§ SIR CHARLES ADDERLEY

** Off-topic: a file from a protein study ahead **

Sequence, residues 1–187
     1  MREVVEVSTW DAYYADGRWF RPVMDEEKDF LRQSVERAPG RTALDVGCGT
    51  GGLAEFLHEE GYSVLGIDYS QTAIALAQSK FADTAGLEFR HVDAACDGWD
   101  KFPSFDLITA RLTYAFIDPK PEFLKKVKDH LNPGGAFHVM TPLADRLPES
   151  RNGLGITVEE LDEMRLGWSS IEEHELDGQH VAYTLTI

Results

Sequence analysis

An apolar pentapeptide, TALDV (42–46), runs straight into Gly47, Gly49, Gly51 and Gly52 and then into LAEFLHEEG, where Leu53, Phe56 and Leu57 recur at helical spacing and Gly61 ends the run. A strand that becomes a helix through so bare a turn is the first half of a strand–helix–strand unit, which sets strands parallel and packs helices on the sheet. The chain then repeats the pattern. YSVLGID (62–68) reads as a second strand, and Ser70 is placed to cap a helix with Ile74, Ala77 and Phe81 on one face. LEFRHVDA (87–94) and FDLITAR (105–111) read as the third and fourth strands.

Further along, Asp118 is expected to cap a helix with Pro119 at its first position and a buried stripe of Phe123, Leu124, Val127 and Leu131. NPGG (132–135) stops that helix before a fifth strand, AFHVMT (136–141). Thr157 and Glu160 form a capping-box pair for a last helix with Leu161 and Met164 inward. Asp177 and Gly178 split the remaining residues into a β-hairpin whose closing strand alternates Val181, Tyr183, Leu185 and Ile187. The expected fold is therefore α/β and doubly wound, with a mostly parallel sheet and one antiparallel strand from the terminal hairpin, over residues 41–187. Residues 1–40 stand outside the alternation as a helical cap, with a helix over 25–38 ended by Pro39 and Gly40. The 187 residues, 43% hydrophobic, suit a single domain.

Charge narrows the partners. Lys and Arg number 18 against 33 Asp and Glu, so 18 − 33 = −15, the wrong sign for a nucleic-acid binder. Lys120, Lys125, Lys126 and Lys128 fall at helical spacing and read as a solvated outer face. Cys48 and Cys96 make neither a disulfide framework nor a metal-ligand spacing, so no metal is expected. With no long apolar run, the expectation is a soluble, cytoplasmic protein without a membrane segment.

, in rising to call the attention of the House to the Treaty of Washington, 1871, and to move for "Address for Copy of Correspondence between Her Majesty's Government and the High Commissioners 862 during the late negotiations at Washington," said, he was sorry that so important a discussion as he now wished to introduce should come on at such an hour (nearly half-past 5). He also greatly regretted the delay which had occurred in that House having an opportunity of expressing its opinion on the Washington Treaty. It was, however, better that the House should express an opinion on that Treaty even now, than that it should express no opinion upon it at all. If the House were to take no notice whatever of the late Washington Treaty, what would be the opinion of the world as to the view taken by this country of that negotiation? All that would appear to the world, and all that would appear to those who were about to arbitrate on the subject, as indicating the feeling of this country in regard to the Treaty would be these three facts—First, that Her Majesty had conferred almost the highest honour on one of the Commissioners who negotiated it; second, that the other House of Parliament had refused to endorse a Resolution condemnatory of the Treaty; and, third, that the House of Commons had apparently given its perfect satisfaction by total silence. It would evidently be deemed, from those three facts, by the arbitrators, and by the world at large, that this country thought it had gained a signal triumph and made an extraordinarily good bargain for itself and for its colonies, whereas, the fact was that this country had made an enormous concession in the interests of peace. Now, it could not be too late to consider that subject in that House, or, if it were, it was equally too late when it was discussed "elsewhere;" for it was then remarked by one of the highest authorities who took part in the debate, that the Treaty was already in honour binding, as accepted by Her Majesty's Plenipotentiaries. It was, important, therefore, that the House of Commons should also express some opinion upon that Treaty, seeing that the arbitration was still before them, and would soon commence—the possible burdens thrown on the taxpayers of this country were still before them; and, what was still more important, novel rules of International and Maritime Law were proposed to be established, and it would be strange if the representatives of a commercial people like ours did not think it was worth 863 while even to give any opinion upon the imposition of new liabilities on neutral Powers. In opening the subject, he would state, as briefly as he could, the view he took of the conduct of the Government in prosecuting the Treaty; and the reflections he wished to make, impugned the Instructions of the Government, and did not at all impeach the Commissioners for the mode in which they carried out those Instructions, nor did he wish to find fault with all the terms of the Treaty itself. The circumstances which first led to the negotiations were simply these—At the end of last year, apparently, Lord Granville thought it necessary to instruct Sir Edward Thornton to urge on Mr. Fish, as absolutely necessary for the maintenance of good relations between the two countries, that there should be a Conference on the subject of the Fisheries. It was proposed that the Conference should be held at Washington, by Commissioners to be appointed by both Governments. In January the subject was opened by Sir Edward Thornton to Mr. Fish, who, on the part of the President, accepted the proposal, on condition that the Alabama claims should be added to the subjects of the Conference. Within 48 hours Sir Edward Thornton cordially thanked Mr. Fish for so accepting the proposal, and acquiesced in his condition, further adding to the subjects of Conference the claims of British subjects on the United States, and of American citizens against the British Government for damages received in the war. That was agreed to; and the Commissioners were immediately appointed. Now, on these preliminaries, he ventured to make this remark—he thought it unfortunate that this country was made a petitioner for a Conference the subjects of which were of far more importance to America than to us. The dispute about the Fisheries, for instance—which country was most interested in its settlement? The country in possession, and whose rights were undoubted to exclude others from the waters, or the country which wished to be admitted to a share of those rights? He did not mean to say that it was desirable the then state of the Fishery question should continue. Far from it. After the cessation of the Reciprocity Treaty in 1864, on the motion of America herself, the United States fishermen were admitted to Canadian waters upon licences; but 864 these were so difficult to enforce that the exclusion of unlicensed fishermen required an armed Canadian flotilla. Of course, a better settlement was desirable than then existed, but not primarily on our side. We were the grantors, and ought not to have been made the petitioners. If that was the case with reference to the Fishery question, how much more so was it the case with the Alabama claims, in the settlement of which, as he considered, America alone was interested, for England had confessedly cleared herself of all interest in the settlement of that question? The claims had been utterly discredited by the exaggeration of the Americans themselves in the person of Mr. Sumner. The sober, thinking men of America had tacitly admitted that we stood well in the matter, and the American Government had virtually confessed it by their refusing arbitration when it was first offered, on the simple question agreed to by Mr. Reverdy Johnson whether we had fulfilled our obligations at the time. He must say, without any reflection on the statesmen of that great country, it was an unfortunate result of their democratic institutions that they must always have some election cry, and no cry was so effective as a cry against England. Could there be a better American election cry against England than this—raising claims with reference to which we stood so clear in the eyes of the world? He had only one other remark on the mere incidental features of the negotiation to make in passing. It appeared, as he complained, that from the moment when the negotiations began the subject which was added to the terms of the Conference—the Alabama claims—became the principal one; while the Fishery claims, for which the Conference was originally proposed, became subsidiary, and assumed a very minor part in the progress of the negotiations. As to the Treaty itself, he would remark, as to the personages chosen to nominate the arbitrators, the Americans had certainly no reason to complain of them. The Emperor of Brazil, both by recent events and his position of neighbourhood, was not likely to be unfavourable to the Americans; and the President of the Swiss Republic, by the nature of the institutions of his country, was not likely to be unsympathizing with the Americans; while the place where the arbi- 865 trators were to meet — Geneva — was about as favourable to the Americans as the City where the negotiations were begun—Washington. We had boldly surrounded our altar as it were with trenches of water, so that no one could say fire from Heaven came down upon it by any unfair advantage. Now, with reference to the Instructions to the Commissioners, they referred to nine heads of subjects, which he had for economy of time collected under two groups, as follows:—1. War claims between England and America, comprising those made on account of the Alabama; those on account of British subjects against America arising out of the Civil War, and vice versâ; and connected with these war claims were the new International rules, or revision of the law of maritime neutrality. 2. Canadian claims, comprising claims on America on account of the Fenian raids; those on account of the Fisheries; those on account of Trade; and, finally, those on account of boundaries. In that division, or reduction of subjects under the two heads named, he did not by any means intend to separate British from Canadian interests as distinct things, but only proposed a convenient local classification. A common Sovereign made the Treaty in the names and by representatives of both divisions of her subjects united in common Imperial interests and speaking to America as one nation. Canada was most of all the British Empire interested in a settlement of the Alabama dispute; and England was, in common with Canada, deeply interested in her Fisheries, boundaries, and trade. The understanding throughout the negotiations was that one and all points of settlement were to stand or fall together. England was not to settle her interests without Canada; in short, the two were considered one, as they ought to be. He now proceeded to discuss the Treaty itself. To begin with the Alabama claims their reference to arbitration was not new. They had been proposed for arbitration in the Convention signed by Lord Clarendon and Mr. Reverdy Johnson. What were the terms of that reference?—"Whether England had fulfilled her obligations at the time the Alabama sailed." The American Senate refused to consent to that arbitration. Why? Because it was too certain that impartial arbitrators must 866 have said we had fulfilled all such obligations, even according to the strict interpretation of our own municipal law. But now America accepted arbitration. Why? Because of a very significant change made in the terms of reference to which Her Majesty, as a concession to friendship, had agreed. The reference now proposed for arbitration was, whether England, in 1861, had fulfilled international obligations according to new and stricter terms drawn up in 1871. The proposition, put abstractedly, was, that in a judgment of mutual obligation rules of interpretation should be adopted different from those on which the obligation rested. When the Americans rejected the first arbitration they put themselves in the wrong; and they eagerly accepted new terms, hoping to put us in the wrong. It was on these terms that we had consented to refer the claims. It had been said that no rules had been laid down of International Law at the time, and therefore it was necessary to put in terms some rules by which the arbitration should be guided. But the language of the Commissioners in conference struck that ground of excuse from under them; because they admitted distinctly that the rules on which the arbitration was now proposed did not exist, and were not in force at the time—that the principles on which the new arbitration was agreed on were not in force at the time the Alabama sailed, and therefore that the new terms were not an interpretation, but an innovation. He would not attempt to discuss himself the proposed revision of International Law; he should be glad rather to have the opinion of the hon. and learned Member for Richmond (Sir Roundell Palmer) on that subject. Different views were taken of these new rules. Some argued they would be good for England for the future; but the reason they gave was because England was likely always to be a belligerent. He hoped that was not true, and it would be a bad reason if it was true; for law should not be shaped to meet accidental interests, but based on sound general principles. Others, on the contrary, said they were retrograde rules on principle, as increasing the liabilities of neutrals, and to such an extent as to be often impracticable, especially for a scattered colonial Empire like that of England. Those persons thought with Lord Palmerston, that if 867 two nations were such fools as to knock their heads together, it was no reason that all the wiser nations should embarrass their commerce, and turn spies upon their merchants, merely for the protection of fair play between the belligerents. Great concessions, in mitigation of the risks of war, to the convenience of neutral commerce, were made by the Declaration issued from the Congress of Paris, 1856, saving enemies' goods under neutral flags. If that indicated the tendency of recent revision, the new rules in the Treaty were certainly retrograde. But it mattered very little to the present argument what the merits of the new rules might be; what he asked was whether it was wise or an act of self-stultification to offer ourselves to be tried as to the fulfilment of a legal obligation by rules different from those on which the obligation itself rested? By the new rules it was stipulated that "due diligence" should be given by neutrals to stop privateering from their own ports. Did not that new version imply that what satisfied the old principles was something that the new would make "due diligence"—that the "diligence" demanded by the old principles of maritime neutrality was below the new standard? The change was a restriction of the rules by which we had been virtually acquitted, and a chance was sought of a verdict against us. He believed that even on these stricter rules we should stand clear, and it would be distinctly proved that we fulfilled all the obligations which even they would impose. But that did not at all justify the proceedings by which they had sacrificed themselves for the avowed object of friendly relations with those whose avowed object was our sacrifice. The friendly relations of simplicity with shrewdness might be more intimate than sound. He knew it was said by some that whether it was an act of self-stultification or not, it was liberal, and that it was the highest of national duties to promote the interests of peace—that the barbarism of readiness to take offence and to stand on points of honour was alike in public and private life giving way to the more generous and wiser sentiments of civilization, and the wider influence of cosmopolitan intercourse; that magnanimity became great nations, and that if England could not afford to be magnanimous, who could; and that England 868 might even teach a nation she had herself so lately brought into the world how to conduct herself worthily of so great an origin, and not with the restless sensitiveness of a parvenu. But there were limits beyond which magnanimity became folly, subjecting those who passed them to suspicion of want of proper spirit and self-respect. Extremes met; and when they stood pretty clearly in the right, to agree to change the standard of right in order to give opponents a better chance of putting them in the wrong, expressly to please those who wished to do so, the extreme point of magnanimity was passed, and the sublime had become ridiculous. With respect to the other war claims—namely, those of British merchants on the United States, and the claims of the United States on England for damages during the war—there was only one question he had to put, and that was put by Lord Cairns in "another place," but had received no answer. That question was why there was a limit of time for claims both of American citizens on Great Britain and for claims of British subjects on America for damages to person or property during the war—observe the significance of even the little circumstance of the order in which these claims are mentioned, first American, then British—while there was no limit of time put on the Alabama claims. The claims of British merchants for damages in war must, according to the XIIth Article of the Treaty, be solely in reference to damages received between the 13th of April, 1861, and the 9th of April, 1865, which latter date was at least six months before the end of the war. But there was no such restriction on the Alabama claims. The only answer made by the noble Earl (Earl Granville) was that, no doubt, the American Government would fairly acknowledge any further claims for damages after that date, and that American merchants claims were more strictly defined than British by a definition of them as "claims arising out of the war." Earl De Grey said that he thought British claims would be held all the stronger for damages after the termination of war, owing to the limit fixed, beyond which war ceased to be any excuse. But that was no satisfactory answer; the question remained to be answered, why a limit was placed against us and none against the other side, and 869 the hopes of the two noble Lords would avail little to modify a Treaty. He now proceeded to the second and last group of subjects — namely, the Canadian claims. First of all there were the Fenian claims. It seemed to him there was no possibility of defending the course which Government had instructed the Commissioners to take on the subject of the Fenian claims. Whatever gave weight to the Alabama claims gave tenfold weight to the Fenian claims. With regard to the Alabama, the question was whether the British Government had watched with due diligence her warlike intentions, and her escape for such purposes. He (Sir Charles Adderley) said they had, but if there had been the slightest failure of due diligence, he asked them to compare their loyal conduct with the fact that 50 regiments of Fenians drilled publicly for months on the American borders, avowedly for the purpose of invading Canada, their meetings, designs, and preparations known and winked at by the American Government, which excused itself from interfering by reasons plainly evincing a fear of electioneering loss to themselves. Consider the claims, identical in nature with what the Alabama claims would be if they could be substantiated, which were at once conceded to America and paid by Canada, when even Confederate Americans made a raid out of Canada on the Bank at St. Alban's, in Vermont. The only reason assigned for not insisting on compensation exactly of the same kind as had been conceded the other way, and enforcing a claim compared with the clearness of which the Alabama claims were as a shadow, was that America would not listen to it. Stet pro ratione voluntas. The only excuse on our side offered for not pressing such a claim was as futile as the reason of the Americans for resisting it — namely, that the amount of compensation claimable would have been very small. The mischief, however, of such weak concession was not the immediate loss, but the invitation to unlimited assumption in future. The second Canadian claim related to the Fisheries. On that subject, which was the sole topic on which they asked for conference, it was wrongly imagined that the Canadians had a special veto left to them. Such was by no means the case, for all three Powers had equal power of veto on all the Treaty, and Canada no 870 more than themselves; all three would have to legislate on some points essential to the carrying out of the Treaty, and therefore might cause its rejection. He must say he did not wonder at the sensitiveness exhibited by Canada on the subject of the Fisheries. The Fisheries were of enormous value to Canada. Their value had been greatly increased by improvements she had herself carried out. They were the best nurseries of seamen in the world, destined, he hoped, to furnish one day a great Canadian Navy. The greatest interest of the Dominion was its marine and Fisheries. They did well to consider them the primary subject of this negotiation, as they had done; but the right line of negotiation was not so clear, for one thing only was certain—they could not remain as they were. American fishermen once admitted could scarcely be made to pay licences, still less kept out by an armed Canadian flotilla; the question was, therefore, on what terms they should freely fish in all Canadian waters. Licences clearly were impossible, and exclusion still more clearly so, and the terms mentioned in the Treaty seemed to be the only ones upon which an arrangement could be made — namely, that all the seas being open equally to both countries, the difference of value should be estimated between them, and the possessors of the least valuable Fisheries should compensate by paying the difference. The Canadians would always have an advantage from fishing in their own waters, their trade being already established, and closer to home. They had superior waters, and that they would not lose their advantage by a common right of fishery. Canada seemed to have become mystified by long-continued controversy until she had identified in her own mind the Reciprocity Treaty and the Fisheries as if they were inseparable subjects. Good, however, might be done by lookers on, who, not being prejudiced by the long controversy, could take a clearer view of the matter, and see that there was no inseparable connection between those subjects. The Fisheries were valuable in themselves, and should not be shared without adequate payment; but to sell them for free trade would be to sell them for nothing, because free trade could be, would be, and was certainly being otherwise secured. Already it was working 871 its way steadily forwards and irresistibly. The Treaty, moreover, secured free admission of Canadian fish into America, the largest boon that reciprocity could attain. Coal and salt were on the eve of following, and lumber must follow in their wake; and even if that were not so, in many articles America was so dependent upon Canada for necessary imports, of which Canada had a practical monopoly, that whatever the tariffs might be, the American importers necessarily paid the whole duty they put on such imports. Those who put an end to the Reciprocity Treaty in the middle of the American Civil War, when there were no Members for the Southern States in Congress, did so not from Protectionist views but rather from an idea in the minds of the Northern States that the termination of that Treaty would so embarrass Canada as to lead to annexation. In that they had been entirely disappointed, for the cessation of that Treaty had done infinite good to Canada, having stimulated her to find a large foreign trade for herself, independent of the Americans. The trade with America also had rapidly increased since the cessation of that Treaty, from increasing wealth and population, and, as he had before observed, America in imposing duties on many articles was injuring Canada much less than herself. The Canadians were mistaken in connecting the revival of the Reciprocity Treaty with the opening of their Fisheries, which should stand entirely on its own merits. He thought, however, it required explanation, why the Commissioners were instructed to refuse such instalments of free trade as America had offered, although on the whole he was not without hope that Canada would find the terms of the Treaty were much more favourable to her than she at first imagined. The money compensation ought to balance the different value of the Fisheries, in addition to which the free admission of their fish to the American markets was of such paramount value that it had already reconciled the maritime Provinces to the Treaty. In fact, objection seemed now to come only from the Upper Provinces, and Newfoundland has formally voted its approval. There were also to be considered the trade arrangements, such as the opening of the St. Lawrence below the 45th parallel of latitude, but that 872 was nothing new, beyond its being made a matter of Treaty. The river was already open, on sufferance, throughout. Again, on the Canadian canals Americans paid only the same dues as the Canadians. Of course, if war broke out, it would be in the power of Her Majesty to close the passage of the St. Lawrence and of the canals to the Americans. On the other hand, the opening of Lake Michigan to the Canadian merchants was of very great importance, because on the south of that lake was that great emporium of Middle America—Chicago—and no greater advantage could be secured to the Canadians than the free navigation of that lake, in addition to which there was the concession of the coasting trade with the ports on those lakes. With respect to the boundaries he had nothing to say, because any such dispute was only to be settled by arbitration, and to the arbitrators he could offer no objection. With regard to the San Juan, he heard that documents had recently been discovered which would tend to the maintenance of the British claim on that boundary. On the whole, he was of opinion that the Government ought to offer some defence of their conduct with regard to the negotiations on all the following points—first, the mode in which they initiated this Conference; secondly, their permitting the substitution of the Alabama claims for the Fishery question as a primary topic of conference; thirdly, their consent to the setting up of new rules for the arbitration as to our fulfilment of obligations different from those on which the obligations rested; fourthly, the obvious inequality of foregoing on our part similar and much stronger claims for Fenian outrages; and lastly, the unfair limit given to closing the claims of British merchants, whereas no limit was given to claims against ourselves. On all these points the House should receive information from the Government, who ought to defend the Instructions they had given to the Commissioners whom they had sent to Washington. At the same time the House would, he believed, express a feeling which prevailed throughout the country by saying that, apart from any mistakes in the process of negotiation, it was the cordial and unanimous wish of this country that those negotiations might end in cementing permanent peace and 873 goodwill between the two countries, and in removing any irritation or causes of future dispute between two kindred nations that ought to go hand in hand in promoting the prosperity of the world. However wanting in equity might have been the negotiations on some points, he hoped the mistakes of administration would not hinder kindly relations between these two countries, but such relations would best rest on mutual self-respect. The right hon. Gentleman concluded by moving the Resolution of which he had given Notice.